Washington AG pushes state level ‘Ministry of Truth’ critics say could jail conservatives who express mainstream views

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As the Washington State Attorney General’s Office continues work on a database for police use of force incidents, a House bill would set up a 13-member commission within that same office to develop a data collection process on incidents of “domestic violent extremism,” or DVE.

Although the term DVE is not defined in the bill, under State Attorney General Bob Ferguson’s description it would include noncriminal activities or speech.

HB 1333 sponsored by Rep. Bill Ramos, D-Issaquah, creates a Domestic Violent Extremism Commission to develop ways to combat “disinformation and misinformation,” though the two words are not defined in the bill. Also not defined is the term DVE.

The legislation is derived from a recommendation by the Attorney General’s Office own 2022 “Domestic Terrorism” study, which cautioned that “effective State intervention to address these threats has the potential to implicate speech or association that may be protected by the First Amendment, or the individual right to bear arms protected by the Second Amendment.”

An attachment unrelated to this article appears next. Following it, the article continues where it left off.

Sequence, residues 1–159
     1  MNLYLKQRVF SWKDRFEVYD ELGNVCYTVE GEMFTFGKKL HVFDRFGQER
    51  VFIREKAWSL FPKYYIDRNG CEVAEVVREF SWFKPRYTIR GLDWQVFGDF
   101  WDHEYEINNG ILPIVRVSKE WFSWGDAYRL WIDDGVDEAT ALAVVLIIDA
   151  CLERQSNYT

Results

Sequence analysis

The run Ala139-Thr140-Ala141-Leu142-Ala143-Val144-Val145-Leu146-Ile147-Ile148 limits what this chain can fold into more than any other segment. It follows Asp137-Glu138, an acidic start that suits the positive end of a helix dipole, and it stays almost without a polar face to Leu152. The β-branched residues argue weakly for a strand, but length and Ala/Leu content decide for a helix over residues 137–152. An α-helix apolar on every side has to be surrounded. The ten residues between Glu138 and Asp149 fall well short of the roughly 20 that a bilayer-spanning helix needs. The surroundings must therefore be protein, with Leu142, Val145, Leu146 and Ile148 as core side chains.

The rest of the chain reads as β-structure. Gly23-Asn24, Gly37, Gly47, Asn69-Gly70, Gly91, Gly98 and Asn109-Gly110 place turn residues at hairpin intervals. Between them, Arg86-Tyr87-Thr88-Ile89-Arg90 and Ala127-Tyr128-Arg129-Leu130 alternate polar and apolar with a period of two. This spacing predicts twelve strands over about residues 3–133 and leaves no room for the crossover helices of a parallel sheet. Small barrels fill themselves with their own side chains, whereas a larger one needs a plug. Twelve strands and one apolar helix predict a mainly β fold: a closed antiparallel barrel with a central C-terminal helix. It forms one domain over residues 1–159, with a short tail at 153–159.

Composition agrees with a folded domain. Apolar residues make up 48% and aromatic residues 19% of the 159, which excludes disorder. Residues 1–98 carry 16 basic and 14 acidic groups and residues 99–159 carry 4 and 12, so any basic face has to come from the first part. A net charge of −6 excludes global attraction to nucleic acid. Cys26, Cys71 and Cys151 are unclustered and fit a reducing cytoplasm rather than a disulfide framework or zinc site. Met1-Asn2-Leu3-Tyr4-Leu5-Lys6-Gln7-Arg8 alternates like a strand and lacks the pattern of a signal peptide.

Among the report’s recommendations was the creation of a commission to explore not just data collection, but potentially adding a definition of DVE to state statute. State law already addresses hate crimes, and the FBI defines “domestic terrorism” within the context of actual crimes or intent to commit a crime.

However, the attorney general’s 2022 report argues that “rather than exclusively address ‘domestic terrorism’ per se, these recommendations seek to best support Washington State to respond to this panoply of challenges, which together combine to create the threat of — and indeed, are often precursors to — acts of domestic terrorism.”